Keys to a Safe, Secure School

Jan. 1, 2002
A mix of programs, personnel and equipment help schools provide a secure environment for learning. Here are 10 steps that work.

Any school administrator complacent about school security was given a jolting wakeup call in 1999 when 15 people were killed in an attack at Columbine High School in Jefferson County, Colo. And any chance that those feelings of complacency might return vanished on Sept. 11, 2001, when the terrorist attacks on the United States made everyone aware how fragile our sense of security is — at home, work or at school.

To make sure schools provide buildings that are safe environments for students and staff, administrators can take numerous steps, including additional security personnel, training for staff members, education programs for students, and equipment that can monitor and control access to facilities.

“It can't be just one thing,” says Ellyn Dickmann, director of security and school operations in the Poudre School District in Fort Collins, Colo. “You need a whole host of things. You have to have a whole tool box that you can utilize.”

Here are 10 steps, in no particular order, which schools have found to be effective in keeping schools safe:

  • Crisis plan

    When an emergency occurs at a school, it's important that staff members know how to react. Security professionals recommend that every school have an emergency-management or crisis plan.

    “To have a crisis plan in place is critical,” says Gus Welborn, deputy director of school law enforcement for the Charlotte-Mecklenburg (N.C.) district. “People have to understand the specific things you need to do in case there is an incident.”

    Most plans call for a school to establish a liaison with local law enforcement. As part of the plan, a school will designate a team of leaders who will take charge during a crisis, describe how to alert staff members that an emergency has developed (often through code words), and set up procedures for how to respond.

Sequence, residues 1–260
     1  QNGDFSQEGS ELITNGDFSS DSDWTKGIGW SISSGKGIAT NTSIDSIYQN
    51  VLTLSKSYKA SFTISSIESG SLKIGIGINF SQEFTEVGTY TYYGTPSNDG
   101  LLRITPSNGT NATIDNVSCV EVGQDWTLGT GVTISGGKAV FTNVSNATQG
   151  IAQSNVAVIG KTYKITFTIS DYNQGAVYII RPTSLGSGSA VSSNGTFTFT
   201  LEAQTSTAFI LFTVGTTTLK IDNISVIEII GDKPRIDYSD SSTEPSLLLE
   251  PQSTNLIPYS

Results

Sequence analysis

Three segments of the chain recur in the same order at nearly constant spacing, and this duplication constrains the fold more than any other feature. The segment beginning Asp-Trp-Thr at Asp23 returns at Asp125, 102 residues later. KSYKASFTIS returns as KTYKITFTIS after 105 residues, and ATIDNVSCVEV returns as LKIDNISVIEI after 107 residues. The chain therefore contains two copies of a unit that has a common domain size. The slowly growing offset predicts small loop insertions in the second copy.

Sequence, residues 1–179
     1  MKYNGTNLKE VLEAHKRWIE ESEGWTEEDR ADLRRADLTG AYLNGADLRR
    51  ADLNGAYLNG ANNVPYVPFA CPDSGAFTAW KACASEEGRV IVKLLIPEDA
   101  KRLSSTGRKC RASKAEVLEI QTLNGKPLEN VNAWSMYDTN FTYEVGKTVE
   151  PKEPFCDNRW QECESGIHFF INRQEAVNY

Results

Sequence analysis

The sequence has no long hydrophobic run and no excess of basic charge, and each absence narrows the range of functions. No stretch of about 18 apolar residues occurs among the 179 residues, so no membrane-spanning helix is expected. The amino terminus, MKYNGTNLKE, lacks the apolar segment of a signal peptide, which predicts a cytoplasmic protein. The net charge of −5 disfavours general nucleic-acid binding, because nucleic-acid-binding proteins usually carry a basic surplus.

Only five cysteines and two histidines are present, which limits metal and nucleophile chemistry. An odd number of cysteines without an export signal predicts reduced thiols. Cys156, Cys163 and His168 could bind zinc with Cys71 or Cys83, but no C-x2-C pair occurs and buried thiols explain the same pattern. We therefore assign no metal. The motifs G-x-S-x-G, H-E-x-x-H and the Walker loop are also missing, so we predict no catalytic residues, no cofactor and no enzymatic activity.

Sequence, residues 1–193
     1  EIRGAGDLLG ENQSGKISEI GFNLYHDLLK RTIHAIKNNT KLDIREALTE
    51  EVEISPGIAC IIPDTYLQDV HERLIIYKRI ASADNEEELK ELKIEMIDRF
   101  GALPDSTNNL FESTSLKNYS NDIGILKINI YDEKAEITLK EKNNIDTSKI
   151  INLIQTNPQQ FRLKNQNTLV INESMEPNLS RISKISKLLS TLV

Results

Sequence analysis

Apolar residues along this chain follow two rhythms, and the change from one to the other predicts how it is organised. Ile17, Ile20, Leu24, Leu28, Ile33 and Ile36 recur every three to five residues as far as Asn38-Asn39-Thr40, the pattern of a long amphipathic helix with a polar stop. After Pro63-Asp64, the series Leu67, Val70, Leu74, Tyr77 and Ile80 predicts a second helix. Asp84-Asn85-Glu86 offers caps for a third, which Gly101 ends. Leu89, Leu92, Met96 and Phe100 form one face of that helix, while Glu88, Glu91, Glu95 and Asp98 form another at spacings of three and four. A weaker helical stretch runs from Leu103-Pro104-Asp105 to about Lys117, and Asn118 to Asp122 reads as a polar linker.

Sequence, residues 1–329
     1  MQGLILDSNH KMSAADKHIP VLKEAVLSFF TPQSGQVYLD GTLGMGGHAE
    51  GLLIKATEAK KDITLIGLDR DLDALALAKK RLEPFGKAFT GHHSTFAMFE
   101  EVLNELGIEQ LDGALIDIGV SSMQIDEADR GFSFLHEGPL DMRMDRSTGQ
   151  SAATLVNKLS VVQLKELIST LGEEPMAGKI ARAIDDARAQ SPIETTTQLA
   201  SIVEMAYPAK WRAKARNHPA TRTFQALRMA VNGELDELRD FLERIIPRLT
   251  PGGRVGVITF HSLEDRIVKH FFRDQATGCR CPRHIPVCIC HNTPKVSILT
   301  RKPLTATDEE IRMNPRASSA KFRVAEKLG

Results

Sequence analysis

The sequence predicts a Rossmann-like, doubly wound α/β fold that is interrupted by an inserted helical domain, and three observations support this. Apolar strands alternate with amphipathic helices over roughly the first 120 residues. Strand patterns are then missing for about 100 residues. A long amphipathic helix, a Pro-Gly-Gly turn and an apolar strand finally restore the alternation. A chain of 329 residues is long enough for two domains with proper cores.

“We have direct contact with the local law enforcement and emergency services,” says Welborn.

    Those connections helped last year when school officials had to deal with the threat of anthrax being sent through the mail. With a crisis plan in place and established relationships with other agencies, the district was able to assess the possible threats and take proper precautions in handling suspicious packages.

    In many cases, institutions develop an overall crisis-management plan, and each school customizes it to fit their particular environment.

  • Training

    Having a plan for dealing with crises is not enough. If a school is lucky enough not to have to call upon its plan for a long time, some staff members might not remember exactly how they are supposed to respond. That delay could have tragic consequences. Administrators must provide regular training to staff members so that a school's plan is more than just a document filed away in a drawer.

    “People have to be comfortable knowing what they have to do,” says Welborn.

    Since Sept. 11, many schools have beefed up their training to include information about weapons of mass destruction.

    “It's a whole new ballgame,” says Dickmann. “We need to be better educated about what can happen.”

  • Technology

    As prices drop and technical sophistication increases, equipment such as video surveillance has become a viable option for schools and universities. In Charlotte-Mecklenburg schools, although they have a deterrent effect, the cameras are used not so much to prevent an incident, but to piece together what happened after the fact. Welborn says students have become accustomed to the presence of the cameras and do not object.

    “The kids really have accepted it,” says Welborn. “It has become an effective tool.”

    Dickmann says that in the Poudre district, the security department works with each school to determine if it would benefit from video surveillance and helps buildings determine how many cameras it needs and where to place them.

    “It's up to the school,” says Dickmann. “We don't do anything without first talking to the people at the school.”

  • Prevention programs

    What schools do best is teach; so one of the best ways for schools to prevent violence and vandalism is to teach students how to avoid it and how to short-circuit a problem before it mushrooms into violence.

    Schools have instituted bully prevention programs, brought in mental-health professionals to work with children, and established other intervention programs to help students deal with troublesome issues before they lead to violence.


    Once a school is built, it's more difficult to do something about a poorly placed administrative office, a facility with too many entrances and exits, or a corridor with too many hidden spots where trouble can occur.

    But just as a poorly designed building can hinder security, so can a well-designed facility enhance the safety and well being of staff and students. Many architects and educators embrace the concept known as Crime Prevention Through Environmental Design (CPTED). CPTED encourages planners to incorporate safety elements into a building design at the earliest stages.